The Western Chalukya era was a time of significant legendary activity in Kannada and Sanskrit. In a golden age of Kannada literature, Jain scholars wrote about the life of Tirthankaras and Virashaiva poets expressed their closeness to God through pithy poems called Vachanas. More than two hundred contemporary Vachanakaras (Vachana poets) including thirty women poets have been recorded. Early works by Brahmin writers were on the epics, Ramayana, Mahabharata, Bhagavata, Puranas and Vedas. In the field of secular literature, subjects such as romance, mathematics, medicine, lexicon, astrology, encyclopedia etc. were written for the first time.
Ranna who was patronised by king Tailapa II and Satyasraya is one among the "three gems of Kannada literature".He was bestowed the title "Emperor among poets" (Kavi Chakravathi) by King Tailapa II and has five major works to his credit. Of these, Saahasabheema Vijayam (or Gada yuddha) of 982 in Champu style is a eulogy of his patron King Satyasraya whom he compares to Bhima in valour and achievements and narrates the duel between Bhima and Duryodhana using clubs on the eighteenth day of the Mahabharata war. He wrote Ajitanatha Purana Tilakam in 993 recitating the life of the second Tirthankara, Ajitanatha.
Nagavarma II, poet laureate (Katakacharya) of King Jagadhekamalla II made contributions to Kannada literature in various subjects. His works in poetry, prosody, grammar and vocabulary are standard authorities and their significance to the study of Kannada language is well accredited. Kavyavalokana in poetics, Karnataka-Bhashabhushana on grammar and Vastukosa a lexicon (with Kannada equivalents for Sanskrit words) are some of his comprehensive contributions. A unique and native form of poetic literature in Kannada called Vachanas developed during this time. Mystics, who expressed their devotion to God in simple poems that could appeal to the masses, wrote them. Basavanna, Akka Mahadevi, Allama Prabhu are the best known among them. Inscriptions mention a Bahurupi Chaudayya, a Vachanakara (Vachana poet) who was well known for his histrionic talent while reciting his poems and a Mokari Baramayya who is described as a "Brahma" (creator) of all arts with knowledge and talent in singing, dancing and playing musical instruments.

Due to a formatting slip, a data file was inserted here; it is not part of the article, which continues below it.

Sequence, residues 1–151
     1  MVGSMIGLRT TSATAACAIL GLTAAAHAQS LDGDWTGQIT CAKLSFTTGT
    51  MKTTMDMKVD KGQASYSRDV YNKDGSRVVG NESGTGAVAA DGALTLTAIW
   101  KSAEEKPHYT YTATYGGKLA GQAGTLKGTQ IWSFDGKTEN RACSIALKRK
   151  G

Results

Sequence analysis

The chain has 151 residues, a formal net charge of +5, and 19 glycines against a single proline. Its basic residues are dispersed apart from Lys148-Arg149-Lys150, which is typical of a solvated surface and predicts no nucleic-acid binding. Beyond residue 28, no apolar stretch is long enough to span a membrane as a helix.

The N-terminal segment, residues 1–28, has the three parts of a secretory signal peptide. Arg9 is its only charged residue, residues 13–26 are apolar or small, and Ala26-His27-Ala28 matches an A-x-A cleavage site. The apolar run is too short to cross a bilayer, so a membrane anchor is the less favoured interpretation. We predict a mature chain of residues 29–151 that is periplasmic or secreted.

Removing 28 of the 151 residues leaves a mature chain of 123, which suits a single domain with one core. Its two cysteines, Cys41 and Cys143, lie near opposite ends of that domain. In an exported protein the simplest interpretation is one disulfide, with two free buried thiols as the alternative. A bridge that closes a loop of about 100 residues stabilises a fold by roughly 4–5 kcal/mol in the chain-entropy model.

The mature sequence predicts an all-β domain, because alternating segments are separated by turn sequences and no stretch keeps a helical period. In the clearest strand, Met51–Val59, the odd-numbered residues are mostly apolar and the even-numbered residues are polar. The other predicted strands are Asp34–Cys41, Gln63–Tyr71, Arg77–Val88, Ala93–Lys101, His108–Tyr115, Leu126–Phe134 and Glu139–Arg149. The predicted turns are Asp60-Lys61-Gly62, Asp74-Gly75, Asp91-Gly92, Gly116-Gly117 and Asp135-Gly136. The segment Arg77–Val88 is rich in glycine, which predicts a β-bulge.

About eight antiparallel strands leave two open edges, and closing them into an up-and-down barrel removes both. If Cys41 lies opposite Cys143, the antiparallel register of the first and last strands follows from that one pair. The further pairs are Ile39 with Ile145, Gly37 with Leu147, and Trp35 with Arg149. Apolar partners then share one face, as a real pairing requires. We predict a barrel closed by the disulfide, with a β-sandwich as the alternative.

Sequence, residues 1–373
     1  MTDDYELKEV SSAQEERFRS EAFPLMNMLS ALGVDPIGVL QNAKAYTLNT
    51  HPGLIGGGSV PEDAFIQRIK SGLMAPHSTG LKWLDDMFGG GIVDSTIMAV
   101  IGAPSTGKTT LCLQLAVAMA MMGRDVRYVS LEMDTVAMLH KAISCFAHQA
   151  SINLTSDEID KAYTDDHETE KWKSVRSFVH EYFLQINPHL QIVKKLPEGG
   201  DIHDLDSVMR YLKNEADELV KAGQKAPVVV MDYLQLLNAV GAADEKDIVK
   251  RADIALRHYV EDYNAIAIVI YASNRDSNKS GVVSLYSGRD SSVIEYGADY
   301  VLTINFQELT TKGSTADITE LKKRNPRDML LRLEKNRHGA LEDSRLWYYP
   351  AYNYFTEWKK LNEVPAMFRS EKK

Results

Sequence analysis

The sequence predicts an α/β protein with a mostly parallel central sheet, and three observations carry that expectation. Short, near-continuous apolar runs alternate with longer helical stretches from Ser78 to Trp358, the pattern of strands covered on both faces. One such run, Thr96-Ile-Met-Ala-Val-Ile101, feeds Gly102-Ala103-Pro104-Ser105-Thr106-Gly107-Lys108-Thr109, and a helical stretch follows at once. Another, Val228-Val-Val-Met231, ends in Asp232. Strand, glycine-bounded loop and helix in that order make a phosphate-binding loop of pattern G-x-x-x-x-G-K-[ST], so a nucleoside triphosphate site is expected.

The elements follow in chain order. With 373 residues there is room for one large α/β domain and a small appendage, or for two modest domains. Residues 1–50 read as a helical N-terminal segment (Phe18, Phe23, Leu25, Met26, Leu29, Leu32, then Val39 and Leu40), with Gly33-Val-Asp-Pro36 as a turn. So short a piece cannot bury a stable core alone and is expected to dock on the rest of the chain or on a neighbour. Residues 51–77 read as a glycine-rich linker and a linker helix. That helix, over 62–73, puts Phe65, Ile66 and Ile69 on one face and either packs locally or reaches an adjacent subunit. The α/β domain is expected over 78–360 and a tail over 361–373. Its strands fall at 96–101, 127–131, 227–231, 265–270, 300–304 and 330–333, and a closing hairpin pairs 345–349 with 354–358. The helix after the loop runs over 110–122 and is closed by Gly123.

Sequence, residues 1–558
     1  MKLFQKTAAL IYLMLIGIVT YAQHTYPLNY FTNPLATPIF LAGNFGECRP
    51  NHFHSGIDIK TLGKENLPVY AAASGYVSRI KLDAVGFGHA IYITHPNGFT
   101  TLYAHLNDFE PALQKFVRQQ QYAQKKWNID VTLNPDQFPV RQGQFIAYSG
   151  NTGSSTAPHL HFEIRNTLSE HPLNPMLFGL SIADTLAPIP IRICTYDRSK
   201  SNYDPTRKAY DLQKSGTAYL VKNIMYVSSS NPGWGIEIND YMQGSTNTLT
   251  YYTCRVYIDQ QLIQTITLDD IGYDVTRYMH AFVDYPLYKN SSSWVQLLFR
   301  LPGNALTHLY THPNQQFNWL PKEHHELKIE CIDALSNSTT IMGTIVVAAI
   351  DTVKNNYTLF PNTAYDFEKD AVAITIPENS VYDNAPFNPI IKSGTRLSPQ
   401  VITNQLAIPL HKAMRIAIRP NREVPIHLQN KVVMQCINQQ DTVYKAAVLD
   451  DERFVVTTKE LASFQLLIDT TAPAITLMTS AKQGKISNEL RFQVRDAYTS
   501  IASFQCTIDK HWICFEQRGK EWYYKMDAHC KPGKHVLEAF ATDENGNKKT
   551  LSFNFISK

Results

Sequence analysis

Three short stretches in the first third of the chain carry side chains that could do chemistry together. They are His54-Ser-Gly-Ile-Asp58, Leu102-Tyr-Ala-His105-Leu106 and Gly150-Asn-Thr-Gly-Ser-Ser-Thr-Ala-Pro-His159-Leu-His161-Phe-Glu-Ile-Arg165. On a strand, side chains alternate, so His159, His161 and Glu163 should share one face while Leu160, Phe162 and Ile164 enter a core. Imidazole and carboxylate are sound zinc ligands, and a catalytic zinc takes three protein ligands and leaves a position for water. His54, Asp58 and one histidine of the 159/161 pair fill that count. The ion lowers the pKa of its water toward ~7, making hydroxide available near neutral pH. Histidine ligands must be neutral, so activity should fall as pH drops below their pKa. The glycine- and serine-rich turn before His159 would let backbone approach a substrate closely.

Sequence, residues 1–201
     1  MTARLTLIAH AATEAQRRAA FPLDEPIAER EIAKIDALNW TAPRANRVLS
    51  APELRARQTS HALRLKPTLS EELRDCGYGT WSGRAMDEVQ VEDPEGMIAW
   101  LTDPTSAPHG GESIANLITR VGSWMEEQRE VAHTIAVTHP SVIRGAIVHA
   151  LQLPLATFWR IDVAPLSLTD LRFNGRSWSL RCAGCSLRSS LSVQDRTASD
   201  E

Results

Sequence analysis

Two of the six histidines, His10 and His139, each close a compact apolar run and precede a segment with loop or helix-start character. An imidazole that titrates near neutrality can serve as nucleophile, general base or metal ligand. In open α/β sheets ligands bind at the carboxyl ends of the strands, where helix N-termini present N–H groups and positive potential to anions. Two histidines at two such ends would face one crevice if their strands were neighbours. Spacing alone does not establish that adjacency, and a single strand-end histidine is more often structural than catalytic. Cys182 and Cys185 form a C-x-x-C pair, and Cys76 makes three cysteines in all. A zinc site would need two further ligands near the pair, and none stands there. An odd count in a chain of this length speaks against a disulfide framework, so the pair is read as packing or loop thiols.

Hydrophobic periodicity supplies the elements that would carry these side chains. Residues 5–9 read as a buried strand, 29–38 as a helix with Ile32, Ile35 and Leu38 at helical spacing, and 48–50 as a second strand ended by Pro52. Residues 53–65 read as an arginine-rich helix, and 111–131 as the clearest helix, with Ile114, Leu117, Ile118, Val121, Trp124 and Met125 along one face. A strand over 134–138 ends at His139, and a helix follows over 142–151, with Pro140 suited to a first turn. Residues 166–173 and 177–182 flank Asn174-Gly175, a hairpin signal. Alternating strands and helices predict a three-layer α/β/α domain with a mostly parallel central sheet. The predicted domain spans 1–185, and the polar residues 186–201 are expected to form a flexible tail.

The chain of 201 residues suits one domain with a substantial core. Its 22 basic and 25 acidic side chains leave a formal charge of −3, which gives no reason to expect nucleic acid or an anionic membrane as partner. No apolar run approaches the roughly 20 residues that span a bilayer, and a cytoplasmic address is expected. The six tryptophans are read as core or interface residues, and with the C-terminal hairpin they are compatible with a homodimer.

In Sanskrit, a renowned poem (Mahakavya) in 18 cantos called Vikramankadeva Charitha by Kashmiri poet Bilhana recounts in epic style the life and achievements of his patron king Vikramaditya VI. The work narrates the episode of Vikramaditya VI's accession to the Chalukya throne after overthrowing his elder brother Somesvara II.
Manasollasa or Abhilashitartha Chintamani by king Somesvara III (1129) was a Sanskrit work proposed for all sections of society. This is an instance of an early encyclopedia in Sanskrit covering many subjects including medicine, magic, veterinary science, valuing of precious stones and pearls, fortifications, painting, music, games, amusements etc. While the book does not provide any dealt topics particular hierarchy of importance, it serves as a landmark in understanding the state of knowledge in those subjects at that time. The first song ever written in Marathi is in praise of Buddha avatar, in the Sanskrit work Manasollasa.
A Sanskrit scholar Vijnaneshwara famed in the field of legal literature for his Mitakshara, in the court of Vikramaditya VI. Perhaps the most accredited work in that field, Mitakshara is a treatise on law (commentary on Yajnavalkya) based on earlier writings and has originated approval in most parts of modern India. An Englishman Colebrooke later translated into English the section on inheritance giving it currency in the British Indian court system. Some important literary works of the time related to music and musical instruments were Sangita Chudamani, Sangita Samayasara and Sangitha Ratnakara.